The endo-cannabinoid system within us

The endo-cannabinoid system within us

Published: 18.04.2023 (Updated: 14.07.2023)
Reading time: Min.
Dr. Harald Stephan
Dr. rer. medic. Harald Stephan
Health expert

The endocannabinoid system of the human organism

Before we turn to the endocannabinoid system in detail, it makes sense to first explain what cannabinoids are. These substances are pharmacologically active and psychoactive components of the hemp plant (Cannabis indica and Cannabis sativa). Science has discovered over 126 different cannabinoids to date. Many of them are still too little researched to know all their effects. The situation is somewhat different for the two best-known cannabinoids, cannabidiol (CBD) and tetrahydrocannabinol (THC). CBD was discovered in 1940 and chemically synthesised for the first time in 1963. It has shown pharmacological effects in numerous studies. THC, on the other hand, was identified in 1964 and, like CBD, also showed pharmacological effects, but much less so than CBD. When these two main active ingredients are used together, they can complement each other in what is known as the entourage effect, in which their effects reinforce each other.

How researchers discovered the endocannabinoid system

In 1992, a team of researchers at the National Institute for Mental Health in Bethesda, Maryland, discovered the endocannabinoid system (ECS). Since then, systematic research into cannabis and its active ingredients has expanded enormously and revealed many new perspectives for medical and therapeutic use.

The team around William Devane, Dr. Lumir Hanus and Raphael Mechoulam knew that cannabinoids trigger an effect in the human organism. This in turn meant that there had to be a system in the body that recognised the cannabinoids and to which they could dock. Accordingly, there had to be endogenous molecules for these receptors. The researchers were actually able to detect these molecules a short time later. After the discovery, they gave the molecules the name endocannabinoids (endo is the abbreviation of endogenous for "produced by the body"). One can also say in a simplified way: The human organism does not only react to cannabinoids that are supplied to it from the outside, but also produces its own.

Even though much is still unexplored, one fact is certain: the endocannabinoid system is an important regulator of the immune and nervous systems and is responsible for many psychological, physical and healing effects triggered by cannabis products in our organism. In the form of diverse studies, new forms of application for cannabis products are still being developed every day.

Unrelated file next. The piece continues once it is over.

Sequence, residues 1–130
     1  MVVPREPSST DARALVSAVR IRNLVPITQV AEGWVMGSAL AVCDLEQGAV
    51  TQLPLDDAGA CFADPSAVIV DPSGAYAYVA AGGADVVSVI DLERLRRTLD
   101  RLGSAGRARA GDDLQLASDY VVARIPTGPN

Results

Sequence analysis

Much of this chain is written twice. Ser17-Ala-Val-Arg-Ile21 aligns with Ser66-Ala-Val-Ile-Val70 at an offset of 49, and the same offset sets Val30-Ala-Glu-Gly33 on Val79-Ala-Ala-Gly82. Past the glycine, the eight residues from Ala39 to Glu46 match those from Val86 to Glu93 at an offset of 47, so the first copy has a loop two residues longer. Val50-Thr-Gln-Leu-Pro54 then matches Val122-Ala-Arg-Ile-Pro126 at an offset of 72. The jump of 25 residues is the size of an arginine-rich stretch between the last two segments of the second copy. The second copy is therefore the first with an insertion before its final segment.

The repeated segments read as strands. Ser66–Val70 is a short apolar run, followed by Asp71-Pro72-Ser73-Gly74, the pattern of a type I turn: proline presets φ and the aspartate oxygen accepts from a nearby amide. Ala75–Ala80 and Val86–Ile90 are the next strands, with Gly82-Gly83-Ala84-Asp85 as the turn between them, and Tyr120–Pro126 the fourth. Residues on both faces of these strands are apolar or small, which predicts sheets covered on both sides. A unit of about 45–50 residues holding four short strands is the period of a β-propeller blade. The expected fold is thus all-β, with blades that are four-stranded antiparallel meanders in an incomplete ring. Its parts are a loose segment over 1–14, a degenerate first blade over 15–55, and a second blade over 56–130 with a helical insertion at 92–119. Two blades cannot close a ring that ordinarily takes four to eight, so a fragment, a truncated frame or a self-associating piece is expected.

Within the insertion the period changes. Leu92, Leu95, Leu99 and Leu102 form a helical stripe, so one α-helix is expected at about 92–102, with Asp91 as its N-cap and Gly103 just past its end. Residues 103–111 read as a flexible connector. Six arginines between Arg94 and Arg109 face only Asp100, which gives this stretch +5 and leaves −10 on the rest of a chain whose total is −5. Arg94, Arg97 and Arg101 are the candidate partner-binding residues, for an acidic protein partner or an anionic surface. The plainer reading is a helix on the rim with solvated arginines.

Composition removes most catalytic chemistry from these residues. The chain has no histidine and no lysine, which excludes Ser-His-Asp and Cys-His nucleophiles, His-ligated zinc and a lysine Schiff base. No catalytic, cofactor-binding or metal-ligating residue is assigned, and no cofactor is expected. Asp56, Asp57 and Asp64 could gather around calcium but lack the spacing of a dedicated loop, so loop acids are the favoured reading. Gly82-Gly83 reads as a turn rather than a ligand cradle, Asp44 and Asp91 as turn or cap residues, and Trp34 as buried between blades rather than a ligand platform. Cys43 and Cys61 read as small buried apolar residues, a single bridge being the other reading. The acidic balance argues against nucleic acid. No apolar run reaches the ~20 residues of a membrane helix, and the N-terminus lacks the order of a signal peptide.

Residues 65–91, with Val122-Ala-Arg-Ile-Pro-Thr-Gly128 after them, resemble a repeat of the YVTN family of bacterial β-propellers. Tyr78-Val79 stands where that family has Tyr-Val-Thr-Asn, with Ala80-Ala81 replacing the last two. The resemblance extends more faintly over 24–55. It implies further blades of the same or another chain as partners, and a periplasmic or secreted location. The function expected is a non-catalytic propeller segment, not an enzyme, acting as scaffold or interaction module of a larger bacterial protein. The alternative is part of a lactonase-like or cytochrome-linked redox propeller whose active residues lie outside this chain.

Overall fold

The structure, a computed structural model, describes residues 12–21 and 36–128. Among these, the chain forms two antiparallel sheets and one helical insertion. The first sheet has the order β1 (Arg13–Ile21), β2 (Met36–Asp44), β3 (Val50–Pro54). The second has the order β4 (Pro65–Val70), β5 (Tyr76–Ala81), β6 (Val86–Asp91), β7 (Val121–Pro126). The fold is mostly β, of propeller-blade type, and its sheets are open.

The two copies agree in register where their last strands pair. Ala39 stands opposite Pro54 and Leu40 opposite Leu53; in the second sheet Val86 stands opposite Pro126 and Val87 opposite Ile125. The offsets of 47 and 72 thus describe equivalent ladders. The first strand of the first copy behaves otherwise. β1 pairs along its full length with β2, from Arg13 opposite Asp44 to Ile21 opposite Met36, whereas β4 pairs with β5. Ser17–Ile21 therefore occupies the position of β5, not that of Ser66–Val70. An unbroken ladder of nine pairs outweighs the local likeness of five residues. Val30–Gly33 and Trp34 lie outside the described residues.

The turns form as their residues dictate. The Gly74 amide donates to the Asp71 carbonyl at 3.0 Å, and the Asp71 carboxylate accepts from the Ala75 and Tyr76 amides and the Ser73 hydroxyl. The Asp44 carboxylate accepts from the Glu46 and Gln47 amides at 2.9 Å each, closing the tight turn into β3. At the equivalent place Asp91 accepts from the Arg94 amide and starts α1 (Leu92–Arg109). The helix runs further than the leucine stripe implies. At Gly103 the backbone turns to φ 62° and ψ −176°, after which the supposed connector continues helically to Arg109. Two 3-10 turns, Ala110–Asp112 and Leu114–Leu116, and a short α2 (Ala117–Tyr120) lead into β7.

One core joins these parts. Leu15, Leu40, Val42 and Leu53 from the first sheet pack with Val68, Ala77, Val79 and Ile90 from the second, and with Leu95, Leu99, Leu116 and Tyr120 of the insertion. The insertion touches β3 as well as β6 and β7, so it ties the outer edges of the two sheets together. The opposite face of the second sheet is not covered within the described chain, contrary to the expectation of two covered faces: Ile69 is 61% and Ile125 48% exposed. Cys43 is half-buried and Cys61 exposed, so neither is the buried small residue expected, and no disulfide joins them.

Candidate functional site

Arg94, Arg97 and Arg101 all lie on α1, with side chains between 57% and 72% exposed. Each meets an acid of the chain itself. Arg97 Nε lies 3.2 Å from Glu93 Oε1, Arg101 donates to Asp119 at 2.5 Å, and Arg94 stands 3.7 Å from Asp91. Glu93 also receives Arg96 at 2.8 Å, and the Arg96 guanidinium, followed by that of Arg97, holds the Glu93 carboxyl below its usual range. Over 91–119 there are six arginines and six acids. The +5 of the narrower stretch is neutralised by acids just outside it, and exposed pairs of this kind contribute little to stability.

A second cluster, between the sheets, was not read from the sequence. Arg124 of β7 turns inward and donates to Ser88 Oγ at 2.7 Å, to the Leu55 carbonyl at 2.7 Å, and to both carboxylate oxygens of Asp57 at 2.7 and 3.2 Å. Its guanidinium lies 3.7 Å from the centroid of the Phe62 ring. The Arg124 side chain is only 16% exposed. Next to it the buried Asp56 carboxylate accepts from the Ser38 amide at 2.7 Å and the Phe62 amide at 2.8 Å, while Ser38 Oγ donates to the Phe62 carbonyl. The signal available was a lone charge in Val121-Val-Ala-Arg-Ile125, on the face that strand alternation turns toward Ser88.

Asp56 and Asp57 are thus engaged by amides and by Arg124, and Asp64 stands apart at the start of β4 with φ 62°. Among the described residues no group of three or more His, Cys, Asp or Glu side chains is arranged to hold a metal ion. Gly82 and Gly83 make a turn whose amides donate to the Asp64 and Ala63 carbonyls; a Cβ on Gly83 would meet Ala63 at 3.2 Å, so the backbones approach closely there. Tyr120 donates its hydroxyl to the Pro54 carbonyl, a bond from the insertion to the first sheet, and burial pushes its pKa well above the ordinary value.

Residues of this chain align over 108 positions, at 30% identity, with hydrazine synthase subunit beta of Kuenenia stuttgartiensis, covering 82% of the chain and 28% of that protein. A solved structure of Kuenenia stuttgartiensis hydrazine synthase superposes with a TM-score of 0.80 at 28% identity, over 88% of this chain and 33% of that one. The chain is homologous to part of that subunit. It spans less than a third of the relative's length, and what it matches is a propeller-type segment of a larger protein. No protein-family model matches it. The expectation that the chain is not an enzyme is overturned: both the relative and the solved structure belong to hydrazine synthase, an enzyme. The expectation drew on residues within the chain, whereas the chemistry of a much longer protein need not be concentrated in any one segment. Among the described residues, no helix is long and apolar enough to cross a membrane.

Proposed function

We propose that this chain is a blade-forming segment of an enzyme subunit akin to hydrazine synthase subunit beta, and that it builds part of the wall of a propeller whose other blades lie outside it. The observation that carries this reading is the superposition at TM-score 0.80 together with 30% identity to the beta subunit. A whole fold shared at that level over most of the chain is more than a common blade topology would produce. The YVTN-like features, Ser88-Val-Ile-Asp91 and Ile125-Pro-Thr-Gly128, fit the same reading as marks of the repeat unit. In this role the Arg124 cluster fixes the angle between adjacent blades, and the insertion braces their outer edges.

The endocannabinoid system in detail

The endocannabinoid system consists of three essential components:

  • Endocannabinoids
  • Cannabinoid receptors
  • Metabolic enzymes


Endocannabinoids are molecules produced by the body itself and are surprisingly similar to the plant (or phyto-) cannabinoids THC and CBD in structure and chemical composition. The two most important endocannabinoids are called anandamide (derived from the Sanskrit word "ananda" for "bliss") and 2-arachidonylglycerol (referred to as 2-AG for short). These are fat-like molecules. They are produced by our organism when it needs them.

Cannabinoid receptors

As mentioned earlier, the endocannabinoid system is part of both the nervous and immune systems. The receptors in both systems are the receivers of the electrical impulses and consist of natural molecules and corresponding signal transducers, the so-called "intracellular signal transducers". In the following, we would like to briefly describe the two most important receptors; CB1 and CB2.

The cannabinoid receptor CB1 is located on the cells of the nervous system, predominantly in the cerebellum. The receptor CB2 is responsible for the immune system, but is also found on cells responsible for bone formation and degradation, among other things.

CB1 receptors are predominantly found on nerve centres that control memory, the regulation of appetite and hunger sensations, and the processing of emotions. CB2 sits on immune cells and provides an anti-inflammatory response when the immune or nervous system is attacked. Research suggests that CB2 receptors play a major role in the immune system and its ability to respond to various diseases.

Metabolic enzymes

These enzymes help to break down the endocannabinoids once their task has been completed. For example, the enzyme FAAH is responsible for the degradation of anandamide, and the enzyme MAGL for 2-AG.

Why plant cannabinoids affect the body

Herbal cannabinoids such as THC and CBD are so similar to endocannabinoids that, like the body's own cannabinoids, they dock onto our receptors and can thus interact with our organism. They act in our organism in different ways. Their possible applications are increasingly the focus of today's research. Please do not hesitate to contact us if you have any further questions.

Dr. Harald Stephan
Dr. rer. medic. Harald Stephan
Graduate Biologist, Medical Information Processing Officer and Doctor of Health Sciences
About the author

After studying in Saarbrücken, Dr Harald Stephan worked in research and teaching at the Universities of Marburg and Bochum as well as at the University Hospital in Essen before becoming a self-employed publicist in 2016. He sees acquiring and passing on knowledge as his life's work.

In addition to his publications on cell biology and tumour research in renowned specialist journals, hundreds of his articles on health topics can be found on the internet. In them, he explains the causes of diseases, laboratory values, diagnoses as well as traditional and novel therapy options.